Marbois, in his Louisiana, p. 112, expressly informs us, that "the grant was transferred to the company;" and again, in a note on p. 120, it is stated that "on the 11th August, 1728, the company surrendered to the king all its rights against John and William Law," that "this proceeding was founded on a judgment in its favor for twenty millions, the value of which had only been furnished in part," and that "the king accepted the surrender the 3d of September following."
More than one hundred and twenty-six years have elapsed since the grant had its origin, and no evidence is found that it was ever before officially brought to the notice of our government through any of its tribunals. Indeed the petition declares that the "claim for the said land has not been submitted to and reported upon by any of the tribunals constituted by the laws of the United States to decide or report upon land claims."
It is averred, however, that the claim, right, and title to which the petitioner succeeded "might have been perfected and completed, and held good and valid, had the said province of Louisiana continued under the government of France." But it will be recollected that France ceded the colony of Louisiana to Spain by a special act, at Fontainebleau, on the 3d November, 1762, the order for delivery given by the king on the 21st of April, 1764 (Appendix to L.L. p. 976), the administration remaining in the hands of the French for some time afterwards (Marbois, 137). It may be suggested, then, that if ever it was designed to revive or perfect the claim in question under the French government, there was ample time for it, when it is considered that the sovereignty of the colony continued in the French government between forty and fifty years after the date of the claim.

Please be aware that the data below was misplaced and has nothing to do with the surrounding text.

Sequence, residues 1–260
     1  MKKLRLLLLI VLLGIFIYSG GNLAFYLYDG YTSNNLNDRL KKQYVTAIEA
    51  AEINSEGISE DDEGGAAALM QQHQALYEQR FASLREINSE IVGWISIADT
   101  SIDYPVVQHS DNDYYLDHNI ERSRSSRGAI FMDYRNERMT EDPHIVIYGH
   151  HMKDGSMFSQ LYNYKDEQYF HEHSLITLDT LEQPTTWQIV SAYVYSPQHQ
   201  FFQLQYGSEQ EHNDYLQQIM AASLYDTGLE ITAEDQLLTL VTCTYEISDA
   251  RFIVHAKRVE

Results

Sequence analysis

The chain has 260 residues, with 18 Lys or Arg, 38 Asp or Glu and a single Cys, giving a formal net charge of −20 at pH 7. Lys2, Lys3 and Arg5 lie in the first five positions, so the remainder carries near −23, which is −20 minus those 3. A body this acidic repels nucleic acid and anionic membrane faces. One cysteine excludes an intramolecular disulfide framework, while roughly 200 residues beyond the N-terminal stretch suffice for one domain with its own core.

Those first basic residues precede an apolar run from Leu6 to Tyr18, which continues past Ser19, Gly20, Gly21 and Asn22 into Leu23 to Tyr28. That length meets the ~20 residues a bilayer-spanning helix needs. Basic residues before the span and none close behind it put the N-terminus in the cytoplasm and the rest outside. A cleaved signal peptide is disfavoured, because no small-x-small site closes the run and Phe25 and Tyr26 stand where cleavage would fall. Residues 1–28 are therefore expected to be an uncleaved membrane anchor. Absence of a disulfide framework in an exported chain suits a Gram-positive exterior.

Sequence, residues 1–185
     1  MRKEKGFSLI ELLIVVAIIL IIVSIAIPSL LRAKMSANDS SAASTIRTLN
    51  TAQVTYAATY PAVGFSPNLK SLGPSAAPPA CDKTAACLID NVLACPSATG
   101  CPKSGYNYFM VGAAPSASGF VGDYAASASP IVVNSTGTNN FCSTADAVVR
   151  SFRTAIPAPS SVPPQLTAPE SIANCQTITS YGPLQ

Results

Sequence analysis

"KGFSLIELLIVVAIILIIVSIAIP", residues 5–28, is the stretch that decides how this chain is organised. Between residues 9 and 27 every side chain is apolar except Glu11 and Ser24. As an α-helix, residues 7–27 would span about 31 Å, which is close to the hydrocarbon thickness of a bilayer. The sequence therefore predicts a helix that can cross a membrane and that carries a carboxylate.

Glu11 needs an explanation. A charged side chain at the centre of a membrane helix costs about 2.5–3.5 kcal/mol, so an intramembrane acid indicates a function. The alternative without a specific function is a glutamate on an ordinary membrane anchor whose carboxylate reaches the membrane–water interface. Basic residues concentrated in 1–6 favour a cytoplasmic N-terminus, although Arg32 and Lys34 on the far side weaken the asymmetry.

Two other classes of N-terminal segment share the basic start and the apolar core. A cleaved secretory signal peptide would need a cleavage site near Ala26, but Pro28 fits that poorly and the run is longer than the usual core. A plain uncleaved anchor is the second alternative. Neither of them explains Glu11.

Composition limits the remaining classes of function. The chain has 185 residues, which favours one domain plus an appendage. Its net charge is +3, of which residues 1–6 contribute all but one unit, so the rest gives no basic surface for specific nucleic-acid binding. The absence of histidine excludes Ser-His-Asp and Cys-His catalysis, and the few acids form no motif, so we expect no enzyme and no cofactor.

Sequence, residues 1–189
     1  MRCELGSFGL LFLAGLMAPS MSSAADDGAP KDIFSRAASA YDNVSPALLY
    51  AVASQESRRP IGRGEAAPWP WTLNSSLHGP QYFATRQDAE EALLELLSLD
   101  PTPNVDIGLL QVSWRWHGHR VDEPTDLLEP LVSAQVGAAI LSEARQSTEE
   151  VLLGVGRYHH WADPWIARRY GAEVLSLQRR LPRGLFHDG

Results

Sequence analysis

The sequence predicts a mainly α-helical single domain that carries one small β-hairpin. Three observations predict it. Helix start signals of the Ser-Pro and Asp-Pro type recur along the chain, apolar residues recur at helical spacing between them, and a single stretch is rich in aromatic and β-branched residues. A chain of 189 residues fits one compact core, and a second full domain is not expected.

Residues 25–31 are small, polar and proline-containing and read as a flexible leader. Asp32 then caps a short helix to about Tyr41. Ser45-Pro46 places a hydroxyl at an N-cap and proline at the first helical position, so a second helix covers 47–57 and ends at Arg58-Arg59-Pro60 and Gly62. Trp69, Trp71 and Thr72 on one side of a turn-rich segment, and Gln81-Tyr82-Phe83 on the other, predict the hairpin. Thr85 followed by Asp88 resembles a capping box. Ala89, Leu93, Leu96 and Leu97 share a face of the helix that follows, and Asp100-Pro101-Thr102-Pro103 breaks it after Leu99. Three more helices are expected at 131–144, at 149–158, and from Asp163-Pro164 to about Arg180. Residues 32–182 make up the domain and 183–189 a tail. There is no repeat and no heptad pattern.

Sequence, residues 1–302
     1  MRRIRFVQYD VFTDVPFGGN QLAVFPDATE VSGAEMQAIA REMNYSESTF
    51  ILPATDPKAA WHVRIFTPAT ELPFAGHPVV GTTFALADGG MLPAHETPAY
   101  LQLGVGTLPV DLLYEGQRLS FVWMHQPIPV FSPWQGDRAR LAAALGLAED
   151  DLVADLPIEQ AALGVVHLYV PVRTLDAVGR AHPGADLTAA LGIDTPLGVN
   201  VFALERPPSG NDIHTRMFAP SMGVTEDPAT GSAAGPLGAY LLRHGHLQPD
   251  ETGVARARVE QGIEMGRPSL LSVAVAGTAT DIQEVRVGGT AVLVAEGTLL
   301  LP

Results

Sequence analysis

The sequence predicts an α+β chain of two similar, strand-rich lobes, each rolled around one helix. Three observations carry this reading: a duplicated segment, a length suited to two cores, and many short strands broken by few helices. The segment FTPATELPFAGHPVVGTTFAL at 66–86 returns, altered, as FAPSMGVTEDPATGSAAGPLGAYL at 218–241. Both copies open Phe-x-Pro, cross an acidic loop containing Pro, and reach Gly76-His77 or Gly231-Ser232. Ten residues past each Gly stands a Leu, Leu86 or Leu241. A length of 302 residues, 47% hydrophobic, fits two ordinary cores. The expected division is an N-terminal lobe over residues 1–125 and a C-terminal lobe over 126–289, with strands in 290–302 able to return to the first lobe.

We hear nothing of this claim during the long continuance in Louisiana of the sovereignty of Spain, who parted with her title to the colony by the St. Ildefonso treaty of 1800, ceding it to the French republic, from whom we acquired it by the treaty of 1803.
History, then, which tells us of the origin of the grant, informs us also of the failure of the enterprise of the grantee; of the disastrous events connected with it; of the transfer of the property to the company, whose rights in the premises, and also its privileges, it seems, were surrendered eventually to the king, whose title to Louisiana, in virtue of successive treaties, finally passed to the United States.
The United States, by S. H. Hempstead, district attorney, answered, denying the matters and things alleged in the petition, and demanding full proof; and the petition was dismissed by the court on the 8th day of May, 1848, for want of prosecution.
Richard Henry Wilde, for petitioners.
S. H. Hempstead, district attorney, for the United States.